9 comments:

Anonymous said...

It is sad that our companies have fixated on short-term gains which will have disasterous implications for the future. Part of the strategy is to screw the workers, hoping they will be too stupid to know better or powerless to do anything about it.

Anonymous said...

I personally earn below 30,000 per year. So when I hear the same old tired corporate speak of "......work harder, leaner, yada, yada, yada." While seeing those same upper echelons taking home huge bonuses, and trying to convince us, the workers that that paltry 3% raise they so grudgingly give, should make us ecstatic. NOT my friend, we the average American worker for the most part has earned it through due diligence, capability and loyalty to companies that simply don't view us as assets anymore. I wonder what would happen in this country if in one week of unified movement, no worker showed up for work. Think that they'd ship in workers from some foreign country? Perhaps not, however, the everyday employee simply doesn't realize what power they hold in their hands, it merely is a matter of unification. Fair is fair, but greed has cost us much! As evidenced by many upper echelons in corporate America.

Anonymous said...

11:13

There are those that remain with the hospital that are too stupid or powerless. I feel for the few that are powerless. The majority that are just too stupid need to realize that there is a big demand for nurses everywhere not just at this hospital. You can be treated better and make a decent wage elsewhere. If a few more had the intestinal fortitude to go elsewhere the hospital could be forced to be more responsive to the employees. The staff has to make a "stand". You do that by leaving together. Yeah right like that will ever happen. The employees are too scared to stick together. The company knows it. You get treated like shit and you do nothing about it. You get what you are willing to take. I left, thank god, and I am much better off for it.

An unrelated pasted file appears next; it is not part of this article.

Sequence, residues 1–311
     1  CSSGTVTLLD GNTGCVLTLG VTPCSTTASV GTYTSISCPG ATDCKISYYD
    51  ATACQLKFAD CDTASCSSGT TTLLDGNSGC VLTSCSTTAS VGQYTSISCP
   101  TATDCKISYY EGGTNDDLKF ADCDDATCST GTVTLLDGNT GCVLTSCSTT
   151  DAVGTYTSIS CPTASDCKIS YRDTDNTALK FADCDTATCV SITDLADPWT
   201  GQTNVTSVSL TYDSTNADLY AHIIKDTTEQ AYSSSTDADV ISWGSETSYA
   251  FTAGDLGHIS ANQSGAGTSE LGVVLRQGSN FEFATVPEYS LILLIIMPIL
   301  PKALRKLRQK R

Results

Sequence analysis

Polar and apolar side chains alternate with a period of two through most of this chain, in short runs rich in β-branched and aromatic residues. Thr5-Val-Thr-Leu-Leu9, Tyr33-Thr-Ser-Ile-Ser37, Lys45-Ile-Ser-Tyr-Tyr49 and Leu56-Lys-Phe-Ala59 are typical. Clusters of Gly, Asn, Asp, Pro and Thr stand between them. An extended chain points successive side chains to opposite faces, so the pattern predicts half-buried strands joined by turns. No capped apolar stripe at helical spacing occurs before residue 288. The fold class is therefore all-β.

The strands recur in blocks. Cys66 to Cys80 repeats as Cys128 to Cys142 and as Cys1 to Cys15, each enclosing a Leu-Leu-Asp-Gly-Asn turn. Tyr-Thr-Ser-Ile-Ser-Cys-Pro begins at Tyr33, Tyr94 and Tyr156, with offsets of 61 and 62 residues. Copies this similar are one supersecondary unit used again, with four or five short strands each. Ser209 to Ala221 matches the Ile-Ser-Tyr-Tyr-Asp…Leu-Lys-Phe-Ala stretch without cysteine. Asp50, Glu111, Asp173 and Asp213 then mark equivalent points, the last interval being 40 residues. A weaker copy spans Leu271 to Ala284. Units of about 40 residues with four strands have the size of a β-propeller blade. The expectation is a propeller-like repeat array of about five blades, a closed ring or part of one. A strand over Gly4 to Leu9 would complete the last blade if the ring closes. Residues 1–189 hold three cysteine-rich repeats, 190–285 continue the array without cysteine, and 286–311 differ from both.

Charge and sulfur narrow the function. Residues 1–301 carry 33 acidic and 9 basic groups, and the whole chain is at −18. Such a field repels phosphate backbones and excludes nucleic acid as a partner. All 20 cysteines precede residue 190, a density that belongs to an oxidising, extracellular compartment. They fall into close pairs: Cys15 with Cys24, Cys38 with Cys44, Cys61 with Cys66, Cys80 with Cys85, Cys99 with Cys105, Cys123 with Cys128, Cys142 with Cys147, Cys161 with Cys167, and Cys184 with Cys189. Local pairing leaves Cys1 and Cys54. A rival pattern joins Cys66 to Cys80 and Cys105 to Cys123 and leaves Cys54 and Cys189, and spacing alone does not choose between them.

Ozzie said...

A few years ago, one of the hospitals in Boston struck--Baptist, wasn't it? The biggest concern was the Filipino nurses couldn't understand the doctor's orders.

Wait until they hit East Texas accents....

Oh Yeah, they have...and the problems do exist....

ozzie said...

Yep, on the backs of the common man....

Anonymous said...

Well rumor has the Bogus Checks...er Bonus checks are a definite "GO" for the nurses. No word if any other PRMC employees will get one nor how much they will be....

Anonymous said...

From the story in the paper, things are going well. Congratulations - I thought it should come out that way. You certainly hired the right local lawyer. James is really sharp on the law and has brass balls.

Anonymous said...

Did someone here say a 3% raise. Wow, I don't know what department you are in, but you must be doing something right. Only a few received even a 2% in my department. Did I say a few already? Oh ok, I won't make it sound any worse than it is.

Anonymous said...

Brass balls are a good thing to have!